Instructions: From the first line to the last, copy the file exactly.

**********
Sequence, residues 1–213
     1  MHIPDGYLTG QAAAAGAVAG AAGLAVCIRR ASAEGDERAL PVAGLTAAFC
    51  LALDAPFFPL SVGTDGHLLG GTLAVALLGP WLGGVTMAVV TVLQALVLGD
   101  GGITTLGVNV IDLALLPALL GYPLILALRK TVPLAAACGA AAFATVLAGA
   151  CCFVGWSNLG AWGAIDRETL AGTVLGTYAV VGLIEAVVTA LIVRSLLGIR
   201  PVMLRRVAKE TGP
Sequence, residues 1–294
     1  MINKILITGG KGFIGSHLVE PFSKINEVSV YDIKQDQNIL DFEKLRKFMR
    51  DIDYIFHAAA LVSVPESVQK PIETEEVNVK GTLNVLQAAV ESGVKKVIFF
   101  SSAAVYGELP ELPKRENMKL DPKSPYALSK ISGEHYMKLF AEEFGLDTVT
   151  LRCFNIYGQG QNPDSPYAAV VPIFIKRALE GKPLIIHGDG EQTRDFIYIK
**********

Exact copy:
Sequence, residues 1–213
     1  MHIPDGYLTG QAAAAGAVAG AAGLAVCIRR ASAEGDERAL PVAGLTAAFC
    51  LALDAPFFPL SVGTDGHLLG GTLAVALLGP WLGGVTMAVV TVLQALVLGD
   101  GGITTLGVNV IDLALLPALL GYPLILALRK TVPLAAACGA AAFATVLAGA
   151  CCFVGWSNLG AWGAIDRETL AGTVLGTYAV VGLIEAVVTA LIVRSLLGIR
   201  PVMLRRVAKE TGP
Sequence, residues 1–294
     1  MINKILITGG KGFIGSHLVE PFSKINEVSV YDIKQDQNIL DFEKLRKFMR
    51  DIDYIFHAAA LVSVPESVQK PIETEEVNVK GTLNVLQAAV ESGVKKVIFF
   101  SSAAVYGELP ELPKRENMKL DPKSPYALSK ISGEHYMKLF AEEFGLDTVT
   151  LRCFNIYGQG QNPDSPYAAV VPIFIKRALE GKPLIIHGDG EQTRDFIYIK